This injury claim first denied based on minor vehicle damage has been overturned by the Court of Appeal. The conclusion that minor car damage means no injury has therefore been debunked by our highest court.
In a car accident, just because there is minor car damage does not mean there is no injury. Also, common sense does not dictate that the smaller the impact, the greater probability of no injury. As a result, the Court of Appeal makes clear:
 This is not to say that the severity of impact cannot be a relevant factor in assessing evidence of injury, but it is one factor, which must be grounded in evidence, not speculation. In my view, the judge’s assumption, unsupported by evidence, was an error in principle that permeated his approach to the evidence and his assessment of the appellant’s overall credibility.( G-B v. ICBC, 2019 BCCA 137 )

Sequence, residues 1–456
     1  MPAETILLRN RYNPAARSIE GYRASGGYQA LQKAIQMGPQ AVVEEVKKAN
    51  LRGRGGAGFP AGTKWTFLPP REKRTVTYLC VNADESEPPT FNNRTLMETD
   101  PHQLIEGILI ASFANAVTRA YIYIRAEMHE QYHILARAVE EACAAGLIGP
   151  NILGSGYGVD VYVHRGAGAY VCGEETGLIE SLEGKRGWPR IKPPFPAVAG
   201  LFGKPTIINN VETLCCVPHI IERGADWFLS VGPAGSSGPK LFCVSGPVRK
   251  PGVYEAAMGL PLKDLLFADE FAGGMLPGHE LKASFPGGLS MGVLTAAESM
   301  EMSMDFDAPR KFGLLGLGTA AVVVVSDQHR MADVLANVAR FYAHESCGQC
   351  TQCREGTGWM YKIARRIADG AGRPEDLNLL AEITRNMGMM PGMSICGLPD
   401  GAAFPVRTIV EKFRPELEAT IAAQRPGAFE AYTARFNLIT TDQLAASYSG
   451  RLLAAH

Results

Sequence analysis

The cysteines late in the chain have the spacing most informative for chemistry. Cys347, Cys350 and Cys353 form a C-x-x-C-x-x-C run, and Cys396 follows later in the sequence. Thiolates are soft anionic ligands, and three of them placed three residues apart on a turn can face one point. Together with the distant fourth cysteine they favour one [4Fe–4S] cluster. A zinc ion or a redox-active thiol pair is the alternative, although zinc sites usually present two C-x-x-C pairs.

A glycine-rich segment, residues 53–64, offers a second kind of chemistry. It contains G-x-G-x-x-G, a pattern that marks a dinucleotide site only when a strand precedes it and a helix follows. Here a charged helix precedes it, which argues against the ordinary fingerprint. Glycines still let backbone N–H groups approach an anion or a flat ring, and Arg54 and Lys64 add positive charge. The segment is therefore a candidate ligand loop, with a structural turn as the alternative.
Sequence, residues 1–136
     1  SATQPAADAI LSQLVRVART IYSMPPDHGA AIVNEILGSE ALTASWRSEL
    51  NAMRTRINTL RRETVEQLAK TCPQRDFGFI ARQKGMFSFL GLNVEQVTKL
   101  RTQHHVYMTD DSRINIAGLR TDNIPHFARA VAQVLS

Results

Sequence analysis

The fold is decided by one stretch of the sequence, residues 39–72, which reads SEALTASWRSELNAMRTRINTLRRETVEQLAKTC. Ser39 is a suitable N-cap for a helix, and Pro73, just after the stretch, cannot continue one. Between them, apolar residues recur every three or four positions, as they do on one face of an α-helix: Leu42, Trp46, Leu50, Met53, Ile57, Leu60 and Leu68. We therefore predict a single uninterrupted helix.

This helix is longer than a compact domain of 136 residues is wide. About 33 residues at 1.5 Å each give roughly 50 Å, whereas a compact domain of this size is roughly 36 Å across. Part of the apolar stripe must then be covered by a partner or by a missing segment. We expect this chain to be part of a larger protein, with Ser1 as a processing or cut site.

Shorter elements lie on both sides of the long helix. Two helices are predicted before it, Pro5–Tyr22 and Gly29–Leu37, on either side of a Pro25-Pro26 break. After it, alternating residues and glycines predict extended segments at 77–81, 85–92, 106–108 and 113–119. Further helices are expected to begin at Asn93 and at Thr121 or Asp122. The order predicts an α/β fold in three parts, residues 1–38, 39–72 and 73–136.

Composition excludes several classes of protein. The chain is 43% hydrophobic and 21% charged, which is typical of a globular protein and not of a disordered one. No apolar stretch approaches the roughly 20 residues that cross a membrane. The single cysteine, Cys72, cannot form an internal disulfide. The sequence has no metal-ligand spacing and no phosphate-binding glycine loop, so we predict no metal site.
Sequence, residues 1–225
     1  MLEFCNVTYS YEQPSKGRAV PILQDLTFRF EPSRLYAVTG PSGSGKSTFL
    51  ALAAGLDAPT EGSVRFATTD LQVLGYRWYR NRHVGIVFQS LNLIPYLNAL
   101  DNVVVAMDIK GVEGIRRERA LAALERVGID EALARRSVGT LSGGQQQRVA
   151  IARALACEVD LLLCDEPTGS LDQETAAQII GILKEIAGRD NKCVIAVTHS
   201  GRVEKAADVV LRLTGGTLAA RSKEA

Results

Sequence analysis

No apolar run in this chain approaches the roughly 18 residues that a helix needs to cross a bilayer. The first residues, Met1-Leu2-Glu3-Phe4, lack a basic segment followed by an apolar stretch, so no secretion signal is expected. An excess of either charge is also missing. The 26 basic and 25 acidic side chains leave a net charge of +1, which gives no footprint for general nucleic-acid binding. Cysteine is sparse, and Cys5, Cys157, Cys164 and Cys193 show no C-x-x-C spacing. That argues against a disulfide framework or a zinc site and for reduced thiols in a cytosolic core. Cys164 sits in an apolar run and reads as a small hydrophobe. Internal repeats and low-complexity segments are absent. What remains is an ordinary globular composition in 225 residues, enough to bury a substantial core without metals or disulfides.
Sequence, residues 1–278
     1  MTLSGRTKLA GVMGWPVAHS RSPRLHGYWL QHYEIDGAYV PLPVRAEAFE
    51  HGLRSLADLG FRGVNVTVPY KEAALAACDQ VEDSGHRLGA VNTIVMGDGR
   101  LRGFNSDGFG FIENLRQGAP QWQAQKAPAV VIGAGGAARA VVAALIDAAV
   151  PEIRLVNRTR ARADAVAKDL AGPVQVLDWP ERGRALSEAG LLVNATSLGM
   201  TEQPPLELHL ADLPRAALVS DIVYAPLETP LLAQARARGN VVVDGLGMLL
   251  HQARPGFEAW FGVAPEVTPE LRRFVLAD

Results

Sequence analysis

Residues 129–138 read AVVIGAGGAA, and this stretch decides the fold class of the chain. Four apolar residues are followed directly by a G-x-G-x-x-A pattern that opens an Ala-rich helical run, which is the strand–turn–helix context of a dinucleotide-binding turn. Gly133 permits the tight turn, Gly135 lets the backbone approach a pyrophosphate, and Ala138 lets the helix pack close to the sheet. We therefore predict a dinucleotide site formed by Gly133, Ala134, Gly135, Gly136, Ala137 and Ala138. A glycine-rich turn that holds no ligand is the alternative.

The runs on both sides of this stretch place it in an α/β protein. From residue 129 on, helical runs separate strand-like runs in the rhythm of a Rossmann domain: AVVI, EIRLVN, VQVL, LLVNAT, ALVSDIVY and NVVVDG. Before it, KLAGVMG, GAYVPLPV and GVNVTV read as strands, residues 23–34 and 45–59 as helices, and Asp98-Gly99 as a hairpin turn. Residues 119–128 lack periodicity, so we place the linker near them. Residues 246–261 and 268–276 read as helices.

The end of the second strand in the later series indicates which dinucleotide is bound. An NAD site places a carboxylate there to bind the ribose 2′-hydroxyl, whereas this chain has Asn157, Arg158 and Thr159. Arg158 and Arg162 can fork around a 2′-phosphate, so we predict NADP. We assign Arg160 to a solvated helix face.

In Boag v. Berna, 2003 BCSC 779, ( see Kallstrom v. Yip, 2016 BCSC 829 para 330) Judge Williamson noted:
 …I am aware that it is often inappropriate to equate the damages to a motor vehicle to injuries that may be sustained by occupants of that vehicle. That a piece of steel is not dented does not mean that the human occupant is not injured
Injury claims involving minor vehicle damage are often minimized by the insurance adjuster and customer recovery specialists. Speak with a lawyer to help avoid your serious injury being labeled as minor.